BTW, how much is insurance per year on that 15 GSXR1000 you're talking about? How about the 750? I'm curious what a newbie 18yo is getting quoted. You know it'll go up or you'll be dropped if you make a claim or total the bike, right?

Good luck :)
 

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Discussion Starter #7
i guess it is the same as everyone else's. Money isn't really the issue tho, i thought it would be nice to save a few buck so i could throw an exhaust on and add some shorty levers to it. LOL, the insurance is ******* mind blowing with theft and decent coverage (with m2 and no msf) comes to about 9k yearly, but thats with SF. Ill be covered as a second rider and wont have to deal with such BS prices as much but it is still a choice to take.

Honestly the 300/250 route looks pretty fun and obviously the better route to take, but something is just pulling me towards a bigger bike.
 

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Just have good insurance and do as you please. I don't care if you wad it up, I just don't want to have to support you when you do.
 

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i guess it is the same as everyone else's. Money isn't really the issue tho, i thought it would be nice to save a few buck so i could throw an exhaust on and add some shorty levers to it. LOL, the insurance is ******* mind blowing with theft and decent coverage (with m2 and no msf) comes to about 9k yearly, but thats with SF. Ill be covered as a second rider and wont have to deal with such BS prices as much but it is still a choice to take.

Honestly the 300/250 route looks pretty fun and obviously the better route to take, but something is just pulling me towards a bigger bike.
If money isn't an issue, why couldn't you still put an exhaust and levers on any bike you would buy, regardless of saving a few bucks off of MSRP? I say skip the liter bike and go for a 2016 Panigale R, it's ~20 lbs lighter and ~20 more HP. Oh, and ~20k more dollars too. I don't even want to know what insurance would be on it for an 18 year old.

Seriously though, ego and foolishness is what's "pulling you to the bigger bike". Listen to the advice here (and in a million other threads on every sportbike forum asking the same question) and you'll be much better off in the long run. Even though you think you're responsible and won't do dumb $hit, you will. Trust me...been there, said it, did it, got the t-shirt. As i'm sure others have and will continue to do. You'll do dumb $hit on a 250 too, but it will be more forgiving to your mistakes and lapses in judgement of your own skill level. Also, less costly to fix and insure.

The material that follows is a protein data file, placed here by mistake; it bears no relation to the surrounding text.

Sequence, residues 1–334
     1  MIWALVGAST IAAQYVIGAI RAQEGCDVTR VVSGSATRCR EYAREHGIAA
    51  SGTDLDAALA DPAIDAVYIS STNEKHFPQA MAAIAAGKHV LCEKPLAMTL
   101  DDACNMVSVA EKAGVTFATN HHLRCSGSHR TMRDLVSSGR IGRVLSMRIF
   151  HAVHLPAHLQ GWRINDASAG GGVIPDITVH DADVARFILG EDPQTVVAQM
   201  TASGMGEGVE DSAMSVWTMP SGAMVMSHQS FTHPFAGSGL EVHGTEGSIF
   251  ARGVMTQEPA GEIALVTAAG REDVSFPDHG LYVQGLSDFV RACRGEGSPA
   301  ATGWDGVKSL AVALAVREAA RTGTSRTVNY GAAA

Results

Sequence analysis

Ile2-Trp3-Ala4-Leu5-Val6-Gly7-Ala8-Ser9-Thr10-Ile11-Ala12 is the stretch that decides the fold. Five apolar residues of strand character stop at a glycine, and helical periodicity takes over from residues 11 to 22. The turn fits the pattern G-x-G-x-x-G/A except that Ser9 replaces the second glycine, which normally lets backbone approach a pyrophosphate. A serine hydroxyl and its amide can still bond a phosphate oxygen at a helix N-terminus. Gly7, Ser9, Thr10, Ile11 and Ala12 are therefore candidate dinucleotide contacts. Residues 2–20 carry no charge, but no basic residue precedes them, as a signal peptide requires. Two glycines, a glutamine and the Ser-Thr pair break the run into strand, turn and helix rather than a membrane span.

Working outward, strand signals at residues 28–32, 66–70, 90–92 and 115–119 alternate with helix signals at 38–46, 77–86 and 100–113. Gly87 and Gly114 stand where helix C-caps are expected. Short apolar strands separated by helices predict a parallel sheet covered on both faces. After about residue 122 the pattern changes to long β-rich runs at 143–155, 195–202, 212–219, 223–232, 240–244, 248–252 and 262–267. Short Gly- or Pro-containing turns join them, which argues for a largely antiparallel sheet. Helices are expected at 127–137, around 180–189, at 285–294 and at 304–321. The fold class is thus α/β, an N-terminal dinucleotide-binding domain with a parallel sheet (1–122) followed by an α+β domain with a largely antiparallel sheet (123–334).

Some people certainly have natural talent and will learn to ride quicker than others. If you're one of them, great. Sell the smaller used bike in a year and upgrade, but spend that year working on riding skills, not worrying about how big the engine is or how fast it goes in a straight line.

In a few years, before you know it, you'll be typing this same answer here or on another forum to another first time buyer asking the same question. God, I feel like parent now. "Someday you'll have kids and you'll be telling them all the same things we try to tell you now."
 

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Get a GSXR. You definitely sound like a GSXR rider.

You know what you SHOULD get but I think most of the people reading this know what you WILL get.
 

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In case this hasn't been echoed out a lot enough already... Start on a smaller bike. The supersports is likely to eat a new rider alive.
If its ego you are worried about, It's better to be able to outrace someone on a bigger bike with a smaller bike.

Yes I've seen a Yamaha R15 keep up, and even overtake 600cc supersports on twisty roads. It's not the bike though, its the rider.

Aim and become a good rider instead of going just for a good bike and no skill.
 

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you get what you put into these bikes.

Be impatient, and it MAY be a disaster.....

How's your mechanical skills?

why not a 250 cc dirt bike for a year? (or a 250 SM?), you will learn more in a year riding in dirt, than 10yrs riding on the street.

When you can lap with the good riders, then you would have some background to help make larger cc sportbikes......fun!
 

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you want something thats cool and fast get a used nninja 300 the girls will never know and its plenty fast and looks cool. ignore all poor comments. It is a bad idea to start on a 1000cc and insurance alone is 9000 you said lol dont get insurance then well get liability. It will pay for it self if you dont crash in the first year and if you do it will still pay for it self at 9k a year lol.
 

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I agree with 90% of what's been said.

Just get a 250 or 300 man...

You'll be ready to upgrade within 6 months, and thats cool since money isn't an issue.
If only we were all so lucky.

I lost 1,000 bucks going from the 250 to a 600.

Good luck :)
 

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Discussion Starter #20
LOL thanks for all the reply's guys! Leaning towards the 1000 also makes me think "yeah i dont wanna be a squid on a gsxr" but also make me realize i dont wanna die on the first 5km of the bike. The 250/300 is looking fine still, but i will keep looking around and keep looking at the thread for opinions :) keep posting up and i will consider everything